2. It also has a nice polycarbonate windscreen but it's pretty hazy with lots of swirls, some light scratches and rub marks from the seat backs.

I've read a lot of threads/posts here and elsewhere, found a lot of products and DIY videos claiming to be "the best way" to repair these sorts of surfaces, but there seems to be little consensus. So I wanted to check with the experts here for their recommendations. I'm not expecting perfection, but would like to return things to their original smooth, glassy surface as much as I can.

TIA!
 

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DFW TX Crew
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Discussion Starter · #176 ·
I have a couple of questions for the experts here...

1. The part of the center console that matches the exterior paint in the R I just purchased looks nice from a distance but is pretty rough to the touch due to light scratch and swirl marks.

2. It also has a nice polycarbonate windscreen but it's pretty hazy with lots of swirls, some light scratches and rub marks from the seat backs.

I've read a lot of threads/posts here and elsewhere, found a lot of products and DIY videos claiming to be "the best way" to repair these sorts of surfaces, but there seems to be little consensus. So I wanted to check with the experts here for their recommendations. I'm not expecting perfection, but would like to return things to their original smooth, glassy surface as much as I can.

TIA!
I'm not sure about the windscreen but the painted center area is just painted and clear coated the same as your exterior paint so you can clean it, clay bar it, polish it as if it were the exterior paint..... cause it is. :wink2:

Posting pictures of the actual areas your talking about would be helpful as it's hard to diagnose paint based on "it's pretty rough". Is that literally rough or figuratively rough? swirls won't make a surface feel rough but it will make it look rough... if it feels rough clay bar should help smooth it out but if it's just scratched up, the polishing should help unless the scratches are too deep.
 

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I'm not sure about the windscreen but the painted center area is just painted and clear coated the same as your exterior paint so you can clean it, clay bar it, polish it as if it were the exterior paint..... cause it is. :wink2:

Posting pictures of the actual areas your talking about would be helpful as it's hard to diagnose paint based on "it's pretty rough". Is that literally rough or figuratively rough? swirls won't make a surface feel rough but it will make it look rough... if it feels rough clay bar should help smooth it out but if it's just scratched up, the polishing should help unless the scratches are too deep.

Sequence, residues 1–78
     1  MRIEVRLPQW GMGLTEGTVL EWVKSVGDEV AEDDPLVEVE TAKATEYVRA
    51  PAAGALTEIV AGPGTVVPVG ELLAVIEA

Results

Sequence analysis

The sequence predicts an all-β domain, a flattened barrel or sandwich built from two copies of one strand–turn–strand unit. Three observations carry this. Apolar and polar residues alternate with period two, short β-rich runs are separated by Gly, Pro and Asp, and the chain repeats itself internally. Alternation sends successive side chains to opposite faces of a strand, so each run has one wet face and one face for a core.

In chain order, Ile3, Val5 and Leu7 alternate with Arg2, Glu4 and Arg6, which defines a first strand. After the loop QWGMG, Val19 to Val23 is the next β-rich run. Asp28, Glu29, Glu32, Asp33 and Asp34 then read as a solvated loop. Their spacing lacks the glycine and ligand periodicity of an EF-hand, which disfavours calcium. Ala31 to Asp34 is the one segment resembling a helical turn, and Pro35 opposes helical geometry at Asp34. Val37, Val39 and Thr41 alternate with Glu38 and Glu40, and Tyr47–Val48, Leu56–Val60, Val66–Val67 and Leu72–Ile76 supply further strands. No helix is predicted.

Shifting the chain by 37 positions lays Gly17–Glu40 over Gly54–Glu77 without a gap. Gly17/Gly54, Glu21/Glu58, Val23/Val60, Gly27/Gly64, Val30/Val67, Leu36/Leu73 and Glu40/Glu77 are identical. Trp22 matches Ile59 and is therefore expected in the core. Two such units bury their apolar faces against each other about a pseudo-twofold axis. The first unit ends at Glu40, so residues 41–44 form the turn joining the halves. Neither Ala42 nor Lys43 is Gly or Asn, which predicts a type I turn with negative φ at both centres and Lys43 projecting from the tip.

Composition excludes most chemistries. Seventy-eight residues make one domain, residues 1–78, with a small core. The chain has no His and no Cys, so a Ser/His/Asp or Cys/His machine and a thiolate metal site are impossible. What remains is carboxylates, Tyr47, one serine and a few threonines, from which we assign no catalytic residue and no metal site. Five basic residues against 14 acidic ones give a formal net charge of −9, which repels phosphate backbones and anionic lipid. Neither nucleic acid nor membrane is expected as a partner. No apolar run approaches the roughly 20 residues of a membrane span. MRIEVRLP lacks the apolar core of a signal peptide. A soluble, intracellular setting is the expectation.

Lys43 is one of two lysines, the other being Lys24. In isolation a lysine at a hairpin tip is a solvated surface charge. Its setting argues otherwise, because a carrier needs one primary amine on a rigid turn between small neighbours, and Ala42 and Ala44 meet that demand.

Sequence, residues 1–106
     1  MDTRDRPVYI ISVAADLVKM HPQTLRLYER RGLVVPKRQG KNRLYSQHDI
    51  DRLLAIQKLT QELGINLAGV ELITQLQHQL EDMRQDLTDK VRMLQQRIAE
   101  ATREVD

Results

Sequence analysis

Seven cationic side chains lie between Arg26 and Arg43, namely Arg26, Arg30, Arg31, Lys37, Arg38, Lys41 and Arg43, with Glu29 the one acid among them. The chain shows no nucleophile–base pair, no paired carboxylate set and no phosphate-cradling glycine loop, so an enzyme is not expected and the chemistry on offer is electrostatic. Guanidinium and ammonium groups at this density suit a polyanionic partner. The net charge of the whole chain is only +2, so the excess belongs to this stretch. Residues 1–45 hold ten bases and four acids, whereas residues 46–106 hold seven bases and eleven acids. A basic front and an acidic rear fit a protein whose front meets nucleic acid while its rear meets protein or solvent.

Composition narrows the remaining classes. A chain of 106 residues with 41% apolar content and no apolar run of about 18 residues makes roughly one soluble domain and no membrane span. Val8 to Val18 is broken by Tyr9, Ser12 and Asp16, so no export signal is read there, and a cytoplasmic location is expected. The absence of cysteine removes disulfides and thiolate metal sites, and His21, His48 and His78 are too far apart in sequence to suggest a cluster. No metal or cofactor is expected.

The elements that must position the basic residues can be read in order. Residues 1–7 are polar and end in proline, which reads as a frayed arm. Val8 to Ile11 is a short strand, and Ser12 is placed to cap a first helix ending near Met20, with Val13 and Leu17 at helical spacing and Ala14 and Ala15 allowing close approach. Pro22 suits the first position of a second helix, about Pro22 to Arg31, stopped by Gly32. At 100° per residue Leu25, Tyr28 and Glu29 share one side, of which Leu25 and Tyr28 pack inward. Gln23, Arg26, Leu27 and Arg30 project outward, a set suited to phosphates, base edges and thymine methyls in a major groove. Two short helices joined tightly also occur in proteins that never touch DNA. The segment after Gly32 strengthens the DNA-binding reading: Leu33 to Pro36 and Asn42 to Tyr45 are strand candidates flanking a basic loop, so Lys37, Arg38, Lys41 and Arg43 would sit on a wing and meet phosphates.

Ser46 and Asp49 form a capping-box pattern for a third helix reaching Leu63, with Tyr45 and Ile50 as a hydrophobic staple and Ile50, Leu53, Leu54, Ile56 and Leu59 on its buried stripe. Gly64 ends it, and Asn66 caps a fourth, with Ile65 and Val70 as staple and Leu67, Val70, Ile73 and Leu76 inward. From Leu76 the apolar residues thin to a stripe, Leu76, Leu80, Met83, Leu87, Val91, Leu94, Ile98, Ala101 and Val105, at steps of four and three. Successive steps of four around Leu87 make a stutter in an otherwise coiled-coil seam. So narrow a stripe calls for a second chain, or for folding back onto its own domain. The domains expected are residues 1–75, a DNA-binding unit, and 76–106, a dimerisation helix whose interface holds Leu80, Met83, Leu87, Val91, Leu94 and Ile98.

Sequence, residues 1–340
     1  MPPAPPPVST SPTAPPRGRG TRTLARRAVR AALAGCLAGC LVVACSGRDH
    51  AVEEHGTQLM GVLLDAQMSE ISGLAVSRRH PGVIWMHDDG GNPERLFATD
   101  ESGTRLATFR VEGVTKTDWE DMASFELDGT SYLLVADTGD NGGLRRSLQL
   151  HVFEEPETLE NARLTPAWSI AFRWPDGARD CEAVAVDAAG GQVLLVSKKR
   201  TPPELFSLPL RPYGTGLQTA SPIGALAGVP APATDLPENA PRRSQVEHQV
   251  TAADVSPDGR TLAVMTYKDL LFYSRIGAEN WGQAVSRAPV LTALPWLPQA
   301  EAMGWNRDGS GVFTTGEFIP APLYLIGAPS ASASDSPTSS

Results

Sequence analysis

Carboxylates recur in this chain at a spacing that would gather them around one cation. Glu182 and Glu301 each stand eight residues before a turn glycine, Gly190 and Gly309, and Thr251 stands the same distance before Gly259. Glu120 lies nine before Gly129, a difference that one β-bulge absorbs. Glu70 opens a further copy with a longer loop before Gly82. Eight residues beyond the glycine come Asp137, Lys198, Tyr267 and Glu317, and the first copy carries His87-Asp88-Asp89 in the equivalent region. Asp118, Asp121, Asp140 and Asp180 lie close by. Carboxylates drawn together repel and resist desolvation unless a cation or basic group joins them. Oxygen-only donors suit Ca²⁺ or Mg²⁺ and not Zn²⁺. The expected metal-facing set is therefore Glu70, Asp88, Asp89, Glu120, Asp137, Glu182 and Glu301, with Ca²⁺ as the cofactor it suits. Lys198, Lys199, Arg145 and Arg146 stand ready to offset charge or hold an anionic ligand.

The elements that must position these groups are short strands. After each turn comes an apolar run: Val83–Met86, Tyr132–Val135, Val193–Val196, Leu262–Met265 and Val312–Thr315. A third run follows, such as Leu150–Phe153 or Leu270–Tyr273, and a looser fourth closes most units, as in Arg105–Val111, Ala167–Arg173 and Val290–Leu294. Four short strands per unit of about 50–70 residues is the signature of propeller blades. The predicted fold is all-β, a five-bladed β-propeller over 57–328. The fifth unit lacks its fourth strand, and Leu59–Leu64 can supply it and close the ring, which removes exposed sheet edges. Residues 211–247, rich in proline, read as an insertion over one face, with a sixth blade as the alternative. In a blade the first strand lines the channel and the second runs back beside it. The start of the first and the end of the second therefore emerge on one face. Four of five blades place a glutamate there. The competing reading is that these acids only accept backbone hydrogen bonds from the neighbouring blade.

Understood about the center console. I've used clay bar on exterior paint before, but didn't know if the interior paint on the console was "special" in some way. So I'll tackle that soon.

I found a local detailer that has worked with plexiglass/polycarbonate before. I'm going to let him give it a go and see how it comes out.

Thanks very much for the advice Joshvette, truly appreciated. :grin2:
 

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SSR Believer
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A note about Dr. ColorChip touch-up paint. I used it just after we had our R detailed and just before a car show we participated in last week. In short, I can highly recommend Dr. ColorChip!

Our R had a number of typical tiny to small rock chips and a few light scratches here and there. The detailer was able to remove most of the surface scratches and all of the swirls, etc., but a few chips and scratches remained. I was apprehensive about buying the Dr. ColorChip Squirt 'n Squeegee PLUS package at about $80 shipped. I was used to paying $10 or so for the little touch-up paint bottles from the local auto parts stores. However after watching their videos and some YouTube DIYs, plus some recommendations here I decided to give it a try.

I received the package in a little over a week. The paint was as perfect a match as I could hope for. All of the application parts and pieces made the job as easy as this kind of thing can be. In a nutshell the repair is made by putting a "blob" of paint ahead of the scratch or chip and then using their soft squeegee, dragging it across the damage to fill it in. After a few minutes it dries and then you apply their "blending solution" on a special cloth they provide which breaks down the touch-up paint left outside (and I suppose inside) the chip/scratch with some soft swirling motion (not pressing down at all). Slowly the build-up melts away leaving only the touch-up paint in the chip or scratch. Repeating the same steps for deeper problem areas continually fills them in until some are level with the original paint. A much better solution than the old touch-up bottle with the tiny paint brush, drop it on and hope for the best method.